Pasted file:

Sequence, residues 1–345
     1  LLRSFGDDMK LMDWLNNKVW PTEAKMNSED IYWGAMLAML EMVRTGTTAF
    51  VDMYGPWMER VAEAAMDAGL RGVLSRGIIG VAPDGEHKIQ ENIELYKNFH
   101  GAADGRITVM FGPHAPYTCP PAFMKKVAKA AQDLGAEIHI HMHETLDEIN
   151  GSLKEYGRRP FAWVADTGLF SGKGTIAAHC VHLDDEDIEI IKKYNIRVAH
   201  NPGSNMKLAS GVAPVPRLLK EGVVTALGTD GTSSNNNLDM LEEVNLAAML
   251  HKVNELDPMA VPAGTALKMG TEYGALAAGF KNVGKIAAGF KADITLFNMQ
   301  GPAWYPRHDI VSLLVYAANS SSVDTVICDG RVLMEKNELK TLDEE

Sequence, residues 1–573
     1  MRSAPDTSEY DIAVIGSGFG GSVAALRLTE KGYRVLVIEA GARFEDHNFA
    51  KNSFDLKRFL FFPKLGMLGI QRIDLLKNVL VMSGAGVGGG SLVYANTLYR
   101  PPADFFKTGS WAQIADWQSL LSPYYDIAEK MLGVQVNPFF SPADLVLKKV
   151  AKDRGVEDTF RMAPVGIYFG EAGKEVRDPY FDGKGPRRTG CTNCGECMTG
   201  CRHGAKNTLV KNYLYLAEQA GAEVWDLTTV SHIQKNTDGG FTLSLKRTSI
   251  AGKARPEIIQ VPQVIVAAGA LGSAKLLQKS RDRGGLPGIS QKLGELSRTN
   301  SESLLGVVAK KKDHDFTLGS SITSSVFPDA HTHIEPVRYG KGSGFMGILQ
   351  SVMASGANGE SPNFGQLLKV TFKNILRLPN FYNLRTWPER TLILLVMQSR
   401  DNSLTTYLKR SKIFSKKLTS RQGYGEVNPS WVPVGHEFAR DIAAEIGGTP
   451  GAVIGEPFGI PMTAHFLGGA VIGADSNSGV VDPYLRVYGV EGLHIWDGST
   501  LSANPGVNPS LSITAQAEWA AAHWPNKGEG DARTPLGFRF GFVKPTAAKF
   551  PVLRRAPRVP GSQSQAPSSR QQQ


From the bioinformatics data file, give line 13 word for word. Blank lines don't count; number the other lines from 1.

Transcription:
   151  AKDRGVEDTF RMAPVGIYFG EAGKEVRDPY FDGKGPRRTG CTNCGECMTG